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UN judges enter not guilty pleas for Bosnian Serb general charged in Srebrenica genocide

U.N. judges entered not guilty pleas Tuesday on behalf of a Bosnian Serb general charged with genocide for his alleged involvement in the Srebrenica massacre.

Gen. Zdravko Tolimir appeared at the Yugoslav war crimes tribunal for the second time since his May 31 arrest and again refused to enter pleas to charges including genocide, conspiracy to commit genocide, extermination and murder linked to the slaughter of up to 8,000 men and boys in Srebrenica in 1995.

Tolimir said the court was blocking him from being represented by his own attorney.

"I ask that I be allowed to choose defense counsel according to my own will," he said.

Prosecutors argue that the attorney already is representing another suspect in another case linked to the Srebrenica killings and therefore cannot defend Tolimir as well.

Tolimir also repeated complaints that his arrest at the Serbia-Bosnia border was illegal.

"I was not arrested by regular authorities but by criminal groups ... in cooperation with representatives of this tribunal and SFOR in Bosnia-Herzegovina," Tolimir said, referring to the international stabilization force in Bosnia.

Tolimir, 59, was arrested after a major security sweep of the border region near the town of Ljubovija that included helicopters and anti-terrorist units, Bosnian Serb police said.

Tolimir was a top aide to the tribunal's most-wanted fugitive, former Bosnian Serb military leader Gen. Ratko Mladic and is suspected of helping Mladic evade arrest for more than a decade.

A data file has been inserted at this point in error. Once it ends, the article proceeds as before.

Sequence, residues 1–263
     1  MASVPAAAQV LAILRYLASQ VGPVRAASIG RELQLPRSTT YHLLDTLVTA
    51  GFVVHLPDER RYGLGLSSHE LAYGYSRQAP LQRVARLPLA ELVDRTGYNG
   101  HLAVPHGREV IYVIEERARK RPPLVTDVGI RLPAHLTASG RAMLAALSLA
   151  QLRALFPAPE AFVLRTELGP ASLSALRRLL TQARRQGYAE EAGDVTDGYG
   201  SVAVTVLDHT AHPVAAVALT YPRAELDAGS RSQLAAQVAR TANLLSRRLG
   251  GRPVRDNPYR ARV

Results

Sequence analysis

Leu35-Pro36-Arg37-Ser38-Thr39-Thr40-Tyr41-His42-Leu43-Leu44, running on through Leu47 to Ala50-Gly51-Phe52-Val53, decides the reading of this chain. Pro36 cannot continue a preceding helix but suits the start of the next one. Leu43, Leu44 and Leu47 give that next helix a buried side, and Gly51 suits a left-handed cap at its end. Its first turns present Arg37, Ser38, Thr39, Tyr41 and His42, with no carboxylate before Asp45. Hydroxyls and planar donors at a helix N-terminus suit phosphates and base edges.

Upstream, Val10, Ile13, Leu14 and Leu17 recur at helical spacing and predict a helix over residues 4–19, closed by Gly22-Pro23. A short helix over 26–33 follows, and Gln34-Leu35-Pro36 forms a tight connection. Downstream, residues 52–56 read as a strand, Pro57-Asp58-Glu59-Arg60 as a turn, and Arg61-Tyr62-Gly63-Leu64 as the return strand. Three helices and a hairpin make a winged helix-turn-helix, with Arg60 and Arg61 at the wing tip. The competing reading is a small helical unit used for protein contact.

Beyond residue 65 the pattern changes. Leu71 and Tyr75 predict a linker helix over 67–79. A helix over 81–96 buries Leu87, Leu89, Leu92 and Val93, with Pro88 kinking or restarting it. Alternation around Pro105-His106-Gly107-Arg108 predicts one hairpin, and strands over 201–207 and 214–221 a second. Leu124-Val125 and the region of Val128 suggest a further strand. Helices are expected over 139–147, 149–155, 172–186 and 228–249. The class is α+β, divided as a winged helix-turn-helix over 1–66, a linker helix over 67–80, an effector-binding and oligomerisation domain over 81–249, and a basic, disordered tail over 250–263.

Tolimir's arrest was seen as a sign that Belgrade had finally begun to cooperate with the tribunal, which for years had called on Serbia in vain to help it track down and arrest suspects.

In June, Serbia helped arrest another suspect, Vlastimir Djordjevic, leaving just four fugitives at large, including Mladic and former Bosnian Serb leader Radovan Karadzic.

The indictment against Tolimir alleges that, "with an intent to destroy a part of the Bosnian Muslim people as a national, ethnical, or religious group, ... (he) killed members of the group by planned and opportunistic summary executions."

The "large scale systematic murder," the indictment says, began on July 13, 1995, and continued for days until the "entire Muslim population had been either removed or fled" from Srebrenica and the nearby enclave of Zepa by November 1995.

"Over 7,000 Muslim men and boys from Srebrenica had been murdered" by the Bosnian Serb forces, the indictment said.

If convicted by the U.N. court, Tolimir faces a maximum sentence of life imprisonment.

Prosecutors are seeking to join Tolimir's case to that of seven other suspects already on trial charged with involvement in the Srebrenica massacre.

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